Journal Article

Epidemiology of Salmonellosis in California, 1990–1999: Morbidity, Mortality, and Hospitalization Costs

R. T. Trevejo, J. G. Courtney, M. Starr and D. J. Vugia

in American Journal of Epidemiology

Published on behalf of Johns Hopkins Bloomberg School of Public Health

Volume 157, issue 1, pages 48-57
Published in print January 2003 | ISSN: 0002-9262
Published online January 2003 | e-ISSN: 1476-6256 | DOI:
Epidemiology of Salmonellosis in California, 1990–1999: Morbidity, Mortality, and Hospitalization Costs

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Salmonella is a common cause of bacterial foodborne illness in the United States. The epidemiology and costs of nontyphoidal salmonellosis in California from 1990 through 1999 are described using surveillance, hospitalization, and death data. Trends in Salmonella rates and factors associated with prolonged hospitalization were evaluated using Poisson and linear regression models, respectively. There were 56,660 reported cases, 11,102 hospitalizations, and 74 deaths attributed to Salmonella. Reported case and hospital discharge rates have decreased since 1996. Among reported cases, infants had the highest rate (121 cases per 105 person-years), followed by children 1–4 years of age (40 cases per 105 person-years). The highest hospitalization rates were among the elderly and young children. Most deaths occurred among persons aged 65 or more years (59%). Among hospitalizations, gastroenteritis (61%) and septicemia (23%) were the most common Salmonella diagnoses. Salmonella pneumonia patients were the oldest (median age, 55 years) and Salmonella meningitis patients the youngest (median age, 0.3 years). These two diagnoses were the costliest, approaching $30,000 (median) per hospitalization. Having an acquired immunodeficiency syndrome diagnosis or multiple Salmonella diagnoses was independently associated with prolonged hospitalization. The estimated 10-year hospitalization costs for Salmonella were $200 million. Salmonellosis is a costly disease that disproportionately affects the young and elderly.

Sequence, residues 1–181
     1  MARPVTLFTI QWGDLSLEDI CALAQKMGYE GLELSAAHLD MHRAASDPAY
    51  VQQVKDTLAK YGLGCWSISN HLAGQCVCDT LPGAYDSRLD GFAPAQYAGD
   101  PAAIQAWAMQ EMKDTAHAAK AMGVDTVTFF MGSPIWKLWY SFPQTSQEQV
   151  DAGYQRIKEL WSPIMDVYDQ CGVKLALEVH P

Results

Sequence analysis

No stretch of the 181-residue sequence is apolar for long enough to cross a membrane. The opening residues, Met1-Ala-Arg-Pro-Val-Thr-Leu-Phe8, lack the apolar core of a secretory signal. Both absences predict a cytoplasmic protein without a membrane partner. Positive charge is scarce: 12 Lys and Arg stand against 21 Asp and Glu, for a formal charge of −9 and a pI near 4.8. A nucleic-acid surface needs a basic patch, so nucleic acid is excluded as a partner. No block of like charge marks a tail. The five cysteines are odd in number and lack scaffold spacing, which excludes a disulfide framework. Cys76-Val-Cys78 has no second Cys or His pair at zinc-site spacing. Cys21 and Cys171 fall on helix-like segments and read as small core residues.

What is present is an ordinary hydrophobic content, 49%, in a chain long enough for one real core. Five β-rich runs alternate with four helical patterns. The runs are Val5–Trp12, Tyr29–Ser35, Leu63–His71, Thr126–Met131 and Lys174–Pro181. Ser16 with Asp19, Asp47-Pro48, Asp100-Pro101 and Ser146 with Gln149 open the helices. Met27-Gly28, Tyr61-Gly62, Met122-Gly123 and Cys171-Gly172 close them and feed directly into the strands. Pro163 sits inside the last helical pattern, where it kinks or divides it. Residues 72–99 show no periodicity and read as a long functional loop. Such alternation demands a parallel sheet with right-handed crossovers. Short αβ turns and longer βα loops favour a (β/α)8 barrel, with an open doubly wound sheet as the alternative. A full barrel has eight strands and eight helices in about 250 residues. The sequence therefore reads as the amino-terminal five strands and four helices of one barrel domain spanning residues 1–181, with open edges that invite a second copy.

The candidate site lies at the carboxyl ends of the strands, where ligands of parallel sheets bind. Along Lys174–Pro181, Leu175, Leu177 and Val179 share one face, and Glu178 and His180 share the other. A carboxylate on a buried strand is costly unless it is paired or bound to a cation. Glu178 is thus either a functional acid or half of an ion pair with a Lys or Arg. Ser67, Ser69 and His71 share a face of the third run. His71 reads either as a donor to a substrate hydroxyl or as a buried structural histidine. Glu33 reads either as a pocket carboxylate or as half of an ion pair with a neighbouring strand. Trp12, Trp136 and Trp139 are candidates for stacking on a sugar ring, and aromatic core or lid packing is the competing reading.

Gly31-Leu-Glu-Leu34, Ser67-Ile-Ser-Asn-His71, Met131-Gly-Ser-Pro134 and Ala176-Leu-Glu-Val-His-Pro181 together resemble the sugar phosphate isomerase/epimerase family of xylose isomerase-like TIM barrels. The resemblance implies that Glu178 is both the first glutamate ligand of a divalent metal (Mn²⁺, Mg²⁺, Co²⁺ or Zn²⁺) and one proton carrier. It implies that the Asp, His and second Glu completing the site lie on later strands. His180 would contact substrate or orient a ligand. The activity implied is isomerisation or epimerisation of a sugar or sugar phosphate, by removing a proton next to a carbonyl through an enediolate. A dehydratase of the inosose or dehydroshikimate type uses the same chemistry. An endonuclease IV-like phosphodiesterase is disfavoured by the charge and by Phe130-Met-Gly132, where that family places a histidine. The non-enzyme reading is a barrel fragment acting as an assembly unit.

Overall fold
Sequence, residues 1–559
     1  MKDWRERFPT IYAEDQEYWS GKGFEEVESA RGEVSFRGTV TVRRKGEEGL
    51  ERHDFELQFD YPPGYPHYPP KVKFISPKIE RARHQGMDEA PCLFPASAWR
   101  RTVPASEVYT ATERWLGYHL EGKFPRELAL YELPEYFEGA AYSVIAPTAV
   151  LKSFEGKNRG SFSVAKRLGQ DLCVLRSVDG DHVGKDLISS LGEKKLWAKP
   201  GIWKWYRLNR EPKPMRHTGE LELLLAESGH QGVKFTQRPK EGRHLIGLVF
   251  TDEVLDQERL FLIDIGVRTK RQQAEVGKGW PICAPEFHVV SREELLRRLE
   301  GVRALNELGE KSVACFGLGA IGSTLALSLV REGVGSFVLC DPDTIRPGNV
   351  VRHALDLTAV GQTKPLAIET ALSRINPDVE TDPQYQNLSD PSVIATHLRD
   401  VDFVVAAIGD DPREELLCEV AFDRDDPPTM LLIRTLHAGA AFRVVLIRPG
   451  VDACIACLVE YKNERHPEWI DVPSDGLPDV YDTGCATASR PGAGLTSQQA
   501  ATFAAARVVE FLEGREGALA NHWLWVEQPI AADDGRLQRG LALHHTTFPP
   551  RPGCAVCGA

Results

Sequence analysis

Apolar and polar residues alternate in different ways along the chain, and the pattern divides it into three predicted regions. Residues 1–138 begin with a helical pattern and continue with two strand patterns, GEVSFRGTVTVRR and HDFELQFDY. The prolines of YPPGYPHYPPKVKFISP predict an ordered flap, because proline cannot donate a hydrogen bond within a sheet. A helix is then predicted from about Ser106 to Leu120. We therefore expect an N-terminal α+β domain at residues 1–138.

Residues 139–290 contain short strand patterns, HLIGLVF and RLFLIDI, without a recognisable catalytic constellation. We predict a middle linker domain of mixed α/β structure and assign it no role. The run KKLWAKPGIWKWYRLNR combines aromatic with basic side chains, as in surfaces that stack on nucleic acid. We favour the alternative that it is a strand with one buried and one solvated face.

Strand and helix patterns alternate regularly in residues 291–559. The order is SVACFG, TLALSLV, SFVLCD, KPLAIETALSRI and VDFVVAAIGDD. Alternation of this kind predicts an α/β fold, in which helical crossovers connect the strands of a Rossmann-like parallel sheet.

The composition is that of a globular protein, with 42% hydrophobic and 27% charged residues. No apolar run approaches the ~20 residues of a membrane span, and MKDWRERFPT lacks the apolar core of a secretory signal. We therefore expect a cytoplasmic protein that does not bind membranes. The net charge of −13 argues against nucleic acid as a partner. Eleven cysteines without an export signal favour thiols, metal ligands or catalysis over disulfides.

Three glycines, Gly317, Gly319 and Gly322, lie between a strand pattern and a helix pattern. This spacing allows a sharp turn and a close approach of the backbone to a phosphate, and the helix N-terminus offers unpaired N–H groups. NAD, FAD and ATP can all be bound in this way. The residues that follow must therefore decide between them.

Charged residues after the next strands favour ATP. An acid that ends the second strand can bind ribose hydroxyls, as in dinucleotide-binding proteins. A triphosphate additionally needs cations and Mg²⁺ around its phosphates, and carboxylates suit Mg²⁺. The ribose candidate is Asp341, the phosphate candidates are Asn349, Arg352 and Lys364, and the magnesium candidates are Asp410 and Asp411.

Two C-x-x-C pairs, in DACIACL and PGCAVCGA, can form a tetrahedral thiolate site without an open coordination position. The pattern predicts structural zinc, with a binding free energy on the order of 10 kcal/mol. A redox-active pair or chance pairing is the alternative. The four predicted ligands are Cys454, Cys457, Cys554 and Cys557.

Keywords: cause of death; cost of illness; hospitalization; length of stay; population surveillance; Salmonella infections; Abbreviations: AIDS, acquired immunodeficiency syndrome; ICD, International Classification of Diseases.

Journal Article.  6274 words.  Illustrated.

Subjects: Public Health and Epidemiology

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